How a Vehicle Becomes a Certified Pre-Owned Car

By Alison Lakin
When you’d rather take a light dip into your savings to purchase a pre-owned car rather than a deep plunge into a new one, no longer do you have to be concerned about the quality of the vehicle you’re buying secondhand. Thanks to manufacturer’s certified pre-owned programs, the consumer has assurances that the used car they have been eying isn’t hiding faulty wiring, a blown head gasket or a spastic transmission. 
These aren’t just randomly selected used cars; most of the vehicles that enter the CPO program are lease returns or cars that the manufacturer has sold at a closed, dealer-attended auction.
After the dealer acquires the cars, there are a series of steps undertaken to confirm the car's eligibility for the CPO program.
Deal Breakers
Surprisingly, CPO programs aren’t regulated throughout the industry, and many manufacturers have different acceptance qualifications for their potential certified used cars. These include mileage and age maximums, as well as issues that can demand immediate disqualification, like the discovery of aftermarket parts, engine modifications and any sign of structural damage or odometer rollbacks.
If a car is more than eight years old it won’t qualify for any of the current CPO programs, and some manufacturers have even stricter age limits than that.
Another basic prerequisite for certified status is the mileage limit. Manufacturers well known for their quality reflect this distinction in their high maximum mileage allowance, ranging closer to the 100,000-mile marker than the industry average of 48,000-80,000 miles.
A car must have a clean VIN check, a clear Carfax vehicle history report and needs to pass the certification process. It can’t have a branded title or lemon law against it either. The dealer must confirm that none of these issues are a problem before continuing to the inspection stage. 
Point-by-Point Inspection Process
Once a car upholds the first round of requirements, it must go through a mechanical and cosmetic inspection. Again, each manufacturer has slightly different standards to which they uphold their CPOs, but detailed inspections of the entire vehicle are always mandatory and standardized within the company.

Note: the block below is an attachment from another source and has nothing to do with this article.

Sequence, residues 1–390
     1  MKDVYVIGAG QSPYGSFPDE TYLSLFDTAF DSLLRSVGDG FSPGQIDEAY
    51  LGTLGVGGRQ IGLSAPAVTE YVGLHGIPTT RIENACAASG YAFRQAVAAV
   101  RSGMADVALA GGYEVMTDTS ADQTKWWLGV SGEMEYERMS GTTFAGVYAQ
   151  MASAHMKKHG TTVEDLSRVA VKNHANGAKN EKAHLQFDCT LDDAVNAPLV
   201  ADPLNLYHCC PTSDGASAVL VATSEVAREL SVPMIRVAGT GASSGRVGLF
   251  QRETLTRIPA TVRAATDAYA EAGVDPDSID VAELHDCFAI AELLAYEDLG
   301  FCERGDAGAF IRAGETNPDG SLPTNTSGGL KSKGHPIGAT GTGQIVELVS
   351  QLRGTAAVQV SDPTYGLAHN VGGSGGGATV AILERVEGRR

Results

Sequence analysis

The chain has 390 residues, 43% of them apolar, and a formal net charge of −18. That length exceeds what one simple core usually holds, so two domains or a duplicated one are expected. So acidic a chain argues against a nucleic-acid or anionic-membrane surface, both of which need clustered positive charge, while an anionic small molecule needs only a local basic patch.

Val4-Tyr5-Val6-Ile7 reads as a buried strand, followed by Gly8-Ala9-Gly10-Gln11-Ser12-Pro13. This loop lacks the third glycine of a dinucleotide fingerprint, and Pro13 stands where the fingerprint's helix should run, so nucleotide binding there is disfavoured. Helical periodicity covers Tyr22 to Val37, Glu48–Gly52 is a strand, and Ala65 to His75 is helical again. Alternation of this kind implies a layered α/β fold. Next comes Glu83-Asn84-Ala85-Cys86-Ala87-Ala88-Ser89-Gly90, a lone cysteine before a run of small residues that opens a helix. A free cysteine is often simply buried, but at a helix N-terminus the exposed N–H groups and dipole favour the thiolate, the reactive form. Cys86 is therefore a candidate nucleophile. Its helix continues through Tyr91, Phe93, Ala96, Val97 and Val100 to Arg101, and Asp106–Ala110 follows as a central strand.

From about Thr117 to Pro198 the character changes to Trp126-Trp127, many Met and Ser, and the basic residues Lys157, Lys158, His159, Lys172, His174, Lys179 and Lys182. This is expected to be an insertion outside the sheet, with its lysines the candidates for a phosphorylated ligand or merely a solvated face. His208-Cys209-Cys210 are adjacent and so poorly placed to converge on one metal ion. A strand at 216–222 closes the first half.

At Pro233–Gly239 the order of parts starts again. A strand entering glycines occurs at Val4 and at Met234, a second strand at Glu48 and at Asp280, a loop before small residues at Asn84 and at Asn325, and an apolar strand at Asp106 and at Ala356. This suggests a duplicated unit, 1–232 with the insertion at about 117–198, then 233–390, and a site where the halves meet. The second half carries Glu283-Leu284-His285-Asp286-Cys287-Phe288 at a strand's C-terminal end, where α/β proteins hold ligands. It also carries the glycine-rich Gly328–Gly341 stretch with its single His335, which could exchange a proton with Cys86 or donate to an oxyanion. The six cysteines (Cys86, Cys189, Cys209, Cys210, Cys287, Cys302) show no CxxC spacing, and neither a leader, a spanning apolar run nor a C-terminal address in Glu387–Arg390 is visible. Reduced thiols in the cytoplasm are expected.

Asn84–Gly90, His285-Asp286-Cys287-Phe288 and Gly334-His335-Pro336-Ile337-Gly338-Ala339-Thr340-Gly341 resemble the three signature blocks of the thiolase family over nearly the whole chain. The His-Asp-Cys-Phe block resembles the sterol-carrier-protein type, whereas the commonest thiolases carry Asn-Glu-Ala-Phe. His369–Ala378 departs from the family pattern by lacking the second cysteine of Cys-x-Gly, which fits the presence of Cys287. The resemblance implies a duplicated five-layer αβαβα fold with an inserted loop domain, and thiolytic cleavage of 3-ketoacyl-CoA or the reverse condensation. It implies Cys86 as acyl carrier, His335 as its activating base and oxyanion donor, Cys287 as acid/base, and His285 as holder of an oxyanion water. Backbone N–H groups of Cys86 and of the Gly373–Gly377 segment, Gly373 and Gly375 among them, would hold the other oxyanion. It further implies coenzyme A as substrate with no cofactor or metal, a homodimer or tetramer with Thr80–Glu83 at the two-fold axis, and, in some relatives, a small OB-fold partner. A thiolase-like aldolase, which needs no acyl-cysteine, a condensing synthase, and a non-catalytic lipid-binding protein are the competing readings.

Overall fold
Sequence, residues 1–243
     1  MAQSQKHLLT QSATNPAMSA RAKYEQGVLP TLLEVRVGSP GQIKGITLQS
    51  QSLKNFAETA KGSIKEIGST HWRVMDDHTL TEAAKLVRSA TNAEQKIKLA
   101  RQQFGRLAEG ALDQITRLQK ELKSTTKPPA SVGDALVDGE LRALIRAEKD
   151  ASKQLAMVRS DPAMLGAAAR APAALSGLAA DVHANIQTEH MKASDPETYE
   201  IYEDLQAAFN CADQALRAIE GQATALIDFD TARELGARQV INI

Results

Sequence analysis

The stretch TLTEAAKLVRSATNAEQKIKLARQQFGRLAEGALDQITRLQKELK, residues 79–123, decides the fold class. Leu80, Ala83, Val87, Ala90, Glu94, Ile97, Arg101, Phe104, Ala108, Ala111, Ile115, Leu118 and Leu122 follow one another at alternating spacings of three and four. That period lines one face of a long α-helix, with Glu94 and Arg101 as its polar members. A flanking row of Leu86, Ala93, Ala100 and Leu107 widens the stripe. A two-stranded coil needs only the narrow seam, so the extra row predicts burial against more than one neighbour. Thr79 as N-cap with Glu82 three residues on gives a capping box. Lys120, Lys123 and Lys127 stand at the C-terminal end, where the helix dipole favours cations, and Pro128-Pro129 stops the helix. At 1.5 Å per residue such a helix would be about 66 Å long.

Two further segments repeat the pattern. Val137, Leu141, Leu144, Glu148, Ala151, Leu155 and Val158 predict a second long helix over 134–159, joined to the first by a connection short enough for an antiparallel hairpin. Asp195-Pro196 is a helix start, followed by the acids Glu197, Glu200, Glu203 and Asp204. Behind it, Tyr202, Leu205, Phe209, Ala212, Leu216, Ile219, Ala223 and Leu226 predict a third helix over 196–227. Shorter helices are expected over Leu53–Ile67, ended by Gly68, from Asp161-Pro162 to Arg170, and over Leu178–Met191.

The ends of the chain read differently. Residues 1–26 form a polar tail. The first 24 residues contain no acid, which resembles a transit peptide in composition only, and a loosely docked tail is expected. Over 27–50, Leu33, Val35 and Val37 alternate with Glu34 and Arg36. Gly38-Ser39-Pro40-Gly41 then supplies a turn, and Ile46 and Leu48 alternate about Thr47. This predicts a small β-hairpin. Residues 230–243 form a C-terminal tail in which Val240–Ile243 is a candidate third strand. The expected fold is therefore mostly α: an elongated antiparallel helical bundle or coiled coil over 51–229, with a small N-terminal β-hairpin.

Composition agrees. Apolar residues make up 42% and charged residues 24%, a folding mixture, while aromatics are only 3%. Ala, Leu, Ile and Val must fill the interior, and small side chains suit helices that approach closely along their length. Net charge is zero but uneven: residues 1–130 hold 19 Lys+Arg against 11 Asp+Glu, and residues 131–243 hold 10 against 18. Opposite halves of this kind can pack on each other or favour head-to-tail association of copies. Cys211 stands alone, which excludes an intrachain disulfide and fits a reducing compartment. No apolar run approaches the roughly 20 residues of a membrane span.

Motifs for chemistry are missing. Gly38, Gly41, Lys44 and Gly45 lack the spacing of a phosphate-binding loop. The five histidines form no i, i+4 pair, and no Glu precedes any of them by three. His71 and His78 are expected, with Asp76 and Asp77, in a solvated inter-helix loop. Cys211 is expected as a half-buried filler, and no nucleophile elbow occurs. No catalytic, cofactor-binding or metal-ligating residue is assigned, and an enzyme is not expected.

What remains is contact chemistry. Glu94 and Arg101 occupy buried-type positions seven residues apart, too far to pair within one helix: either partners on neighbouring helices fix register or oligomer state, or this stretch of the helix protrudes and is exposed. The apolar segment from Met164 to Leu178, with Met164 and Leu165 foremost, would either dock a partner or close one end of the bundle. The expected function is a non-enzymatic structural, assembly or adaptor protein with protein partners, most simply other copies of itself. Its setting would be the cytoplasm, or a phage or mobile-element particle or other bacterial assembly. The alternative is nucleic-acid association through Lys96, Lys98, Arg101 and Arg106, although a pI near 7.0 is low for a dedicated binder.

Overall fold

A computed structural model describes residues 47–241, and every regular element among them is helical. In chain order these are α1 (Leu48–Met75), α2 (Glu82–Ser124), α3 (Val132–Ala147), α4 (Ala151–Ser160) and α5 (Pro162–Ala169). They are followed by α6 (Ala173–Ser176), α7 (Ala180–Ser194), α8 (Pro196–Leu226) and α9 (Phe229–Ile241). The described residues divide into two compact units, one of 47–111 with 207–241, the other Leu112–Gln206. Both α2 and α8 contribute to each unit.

The mechanic runs through a compulsory checklist to confirm the car is in proper condition. Everything from the minor - ‘license plate lights work’ to the serious - ‘brakes operational’ has to be covered. 
These steps are reassuring to buyers. Jessica Hayward of San Francisco, California owns a certified pre-owned vehicle. “I knew that, by it being a CPO, the dealership was guaranteeing that it wasn’t a lemon and that it’s pretty much like buying a new car," she says, “so I felt much more comfortable putting my money down and driving off the lot."
While all checklists cover certain items like whether or not the car makes strange noises or the clutch works, some seem more detailed than others, with the number of points of inspection varying from around 150 to 300.
Why the difference? It all comes down to the specificity of the lists. Some are very detailed, with individual checkmarks required for a review of things like the left side mirror and the right, while most of the other companies don't feel the need to separate the two. Of course, the more technology options available when purchasing a new vehicle – think navigation systems, four-wheel drive or XM radio antennas – the greater number of systems needed to be reviewed in order to clear a CPO. If a manufacturer doesn’t offer some of these items, there’s no reason for them to show up on a checklist. 
If anything is found to be short of the stringent standards, the defect is repaired. This is the time when cigarette burns in the seats and dents in the body vanish. By the end of the inspection and repair process the technicians have essentially restored the car to the condition it was in when it first left the dealership.
And those that don’t make it? Then, quite simply, it won’t be a certified car, and instead could be sold as a wholesale or non-certified car without a warranty.
Those that have successfully passed testing will each have a Carfax vehicle history report associated with them and a sticker in the window describing whether or not the car is available with a warranty. And all pertinent information like warranty details and servicing receipts will be available to potential buyers. 
Two-time CPO buyer, Jeffrey Dillow of Boston, Massachusetts is positive about his purchases. “Essentially, we were able to spend much less money by buying a used car. For me though, a big part of the decision has always been the convenience and peace of mind associated with CPO programs."

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